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    Kelvin Ash


      The Annang or Anaang people are a peculiar cultural and semi-Bantu-speaking ethnic group that resides in Coastal South-South Nigeria. They are the second largest ethnic group in Akwa Ibom occupying 8 out of 31 local government areas.



      They were formerly located in the former Abak and Ikot Ekpene divisions of Anaang Province and part of the former Opobo Division of Uyo Province. People of the Annang ethnic group refer to themselves as “Owo” or ‘Agwo Annang’. The proper name for the Ika of Akwa Ibom is “Ika-Annang”.



      The Annang people are popular for the efficacy of their traditional spiritual powers (charms), prowess in trading, and their renowned art which extends to mural paintings, raffia, masks, cement sculptures, markets, ceremonies, and exceptional food.



      The Annang society is matriarchal, which is a social system where women hold primary power positions of authority which extends to moral authority, social privileges, and control of the property. However, leadership at the family, lineage, village, or clan level remains the prerogative of the men, whereby the lineage ties extends to women even after marriage.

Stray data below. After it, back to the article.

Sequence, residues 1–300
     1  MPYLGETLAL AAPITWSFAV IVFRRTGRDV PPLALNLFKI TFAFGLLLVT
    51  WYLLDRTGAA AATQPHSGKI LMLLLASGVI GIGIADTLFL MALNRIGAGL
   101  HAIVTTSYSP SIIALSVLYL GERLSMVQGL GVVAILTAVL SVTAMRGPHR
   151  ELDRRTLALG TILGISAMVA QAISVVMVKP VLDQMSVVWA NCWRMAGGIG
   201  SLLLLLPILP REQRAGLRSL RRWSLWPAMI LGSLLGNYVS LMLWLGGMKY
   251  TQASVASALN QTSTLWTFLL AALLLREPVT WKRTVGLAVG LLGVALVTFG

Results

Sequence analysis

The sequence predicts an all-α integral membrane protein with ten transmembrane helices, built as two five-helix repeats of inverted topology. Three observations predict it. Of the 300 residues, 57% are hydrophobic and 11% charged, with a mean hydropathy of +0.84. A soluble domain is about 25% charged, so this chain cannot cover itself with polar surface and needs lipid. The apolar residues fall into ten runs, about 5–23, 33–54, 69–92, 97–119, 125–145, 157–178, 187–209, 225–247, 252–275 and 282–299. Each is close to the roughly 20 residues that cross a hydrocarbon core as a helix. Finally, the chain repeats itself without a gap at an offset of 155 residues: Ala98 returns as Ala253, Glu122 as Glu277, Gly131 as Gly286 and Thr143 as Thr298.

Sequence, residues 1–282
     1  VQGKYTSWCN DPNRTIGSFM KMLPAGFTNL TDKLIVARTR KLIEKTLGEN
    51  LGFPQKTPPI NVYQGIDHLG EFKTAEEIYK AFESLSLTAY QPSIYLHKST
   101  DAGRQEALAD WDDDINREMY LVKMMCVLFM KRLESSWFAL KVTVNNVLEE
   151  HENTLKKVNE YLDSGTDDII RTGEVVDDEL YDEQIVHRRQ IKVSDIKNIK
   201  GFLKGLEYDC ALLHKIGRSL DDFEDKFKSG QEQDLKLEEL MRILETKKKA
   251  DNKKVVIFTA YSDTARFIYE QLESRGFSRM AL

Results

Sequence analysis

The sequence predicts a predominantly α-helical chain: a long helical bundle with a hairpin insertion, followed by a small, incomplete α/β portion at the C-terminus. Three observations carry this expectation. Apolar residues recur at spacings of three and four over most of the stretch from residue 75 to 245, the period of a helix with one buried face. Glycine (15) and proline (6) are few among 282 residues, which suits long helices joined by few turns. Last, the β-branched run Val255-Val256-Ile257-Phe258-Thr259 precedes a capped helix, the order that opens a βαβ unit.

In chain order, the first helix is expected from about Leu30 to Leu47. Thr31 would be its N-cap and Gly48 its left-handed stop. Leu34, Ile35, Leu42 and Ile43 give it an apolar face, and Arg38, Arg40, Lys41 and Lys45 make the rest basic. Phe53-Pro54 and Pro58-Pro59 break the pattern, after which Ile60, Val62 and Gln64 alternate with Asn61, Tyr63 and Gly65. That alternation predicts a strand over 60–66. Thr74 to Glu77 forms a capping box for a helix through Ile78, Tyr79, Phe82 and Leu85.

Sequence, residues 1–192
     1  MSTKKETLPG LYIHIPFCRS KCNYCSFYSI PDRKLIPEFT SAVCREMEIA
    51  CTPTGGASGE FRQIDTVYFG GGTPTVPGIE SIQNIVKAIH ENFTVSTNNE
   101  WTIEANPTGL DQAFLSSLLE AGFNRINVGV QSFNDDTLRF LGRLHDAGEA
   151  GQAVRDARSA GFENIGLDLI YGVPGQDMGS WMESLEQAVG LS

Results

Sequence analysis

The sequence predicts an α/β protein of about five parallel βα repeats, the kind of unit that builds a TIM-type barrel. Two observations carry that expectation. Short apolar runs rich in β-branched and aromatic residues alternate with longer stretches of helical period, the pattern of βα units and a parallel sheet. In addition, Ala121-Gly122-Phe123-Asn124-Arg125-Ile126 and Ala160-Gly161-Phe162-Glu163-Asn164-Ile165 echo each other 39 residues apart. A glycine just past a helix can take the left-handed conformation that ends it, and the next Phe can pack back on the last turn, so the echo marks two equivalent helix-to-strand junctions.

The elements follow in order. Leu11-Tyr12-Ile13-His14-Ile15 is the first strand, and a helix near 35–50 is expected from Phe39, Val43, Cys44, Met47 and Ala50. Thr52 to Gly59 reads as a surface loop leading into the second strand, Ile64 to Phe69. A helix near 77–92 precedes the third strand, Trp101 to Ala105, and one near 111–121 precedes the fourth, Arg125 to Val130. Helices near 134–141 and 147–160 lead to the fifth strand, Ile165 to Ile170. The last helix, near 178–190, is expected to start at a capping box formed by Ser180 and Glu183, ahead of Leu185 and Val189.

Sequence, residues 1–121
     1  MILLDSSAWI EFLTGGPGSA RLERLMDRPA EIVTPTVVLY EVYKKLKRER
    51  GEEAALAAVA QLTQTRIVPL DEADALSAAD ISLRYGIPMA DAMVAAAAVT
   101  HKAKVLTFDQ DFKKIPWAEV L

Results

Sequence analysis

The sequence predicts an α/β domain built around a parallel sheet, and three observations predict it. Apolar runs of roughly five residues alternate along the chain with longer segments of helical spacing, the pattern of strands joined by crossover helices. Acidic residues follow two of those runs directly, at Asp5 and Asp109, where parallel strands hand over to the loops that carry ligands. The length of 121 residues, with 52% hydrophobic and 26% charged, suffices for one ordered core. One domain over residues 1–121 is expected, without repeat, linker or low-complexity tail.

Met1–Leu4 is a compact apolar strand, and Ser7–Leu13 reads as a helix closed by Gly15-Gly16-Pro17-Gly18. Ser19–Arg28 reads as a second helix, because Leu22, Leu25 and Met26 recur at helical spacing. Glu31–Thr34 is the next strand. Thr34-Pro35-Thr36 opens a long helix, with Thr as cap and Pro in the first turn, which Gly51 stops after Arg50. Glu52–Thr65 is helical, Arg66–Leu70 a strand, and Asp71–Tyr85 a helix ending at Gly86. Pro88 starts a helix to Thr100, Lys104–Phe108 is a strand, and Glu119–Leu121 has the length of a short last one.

In the Annang society, there are many societies and associations referred to as ‘Ulim’ or ‘Udim’ for both men and women which are very important in traditional village life as individuals are measured by both the number and types of memberships in Ulim, as well as the achievements of one or more Ulims.



      They have a legislative arm called ‘Afe Ichong’ where governance is done by elderly males of the society being directed by the ‘Abong Ichong’ – the village chief or clan chief – who sits as the head and the chief executive but without the authority beyond what the Afe Ichong gives.



      As earlier said, the Annang women are not completely subordinate to the men, they serve as partners and leaders in many aspects of Annang tradition which includes serving as female chief priests Abia Iyong” in the Iyong cult or as healers in the healing cults. Importance is placed on the first-born female known as Aliaha, and commands respect in the family and lineage. They have women’s associations such as “Abi-de”, “Nyaama”, and “Isong Iban” which play important roles in advocating and giving women voice and status in society. They have no tradition or cultural barriers that stop the women from attaining high offices or positions.

      • This topic was modified 6 months, 3 weeks ago by Admin.

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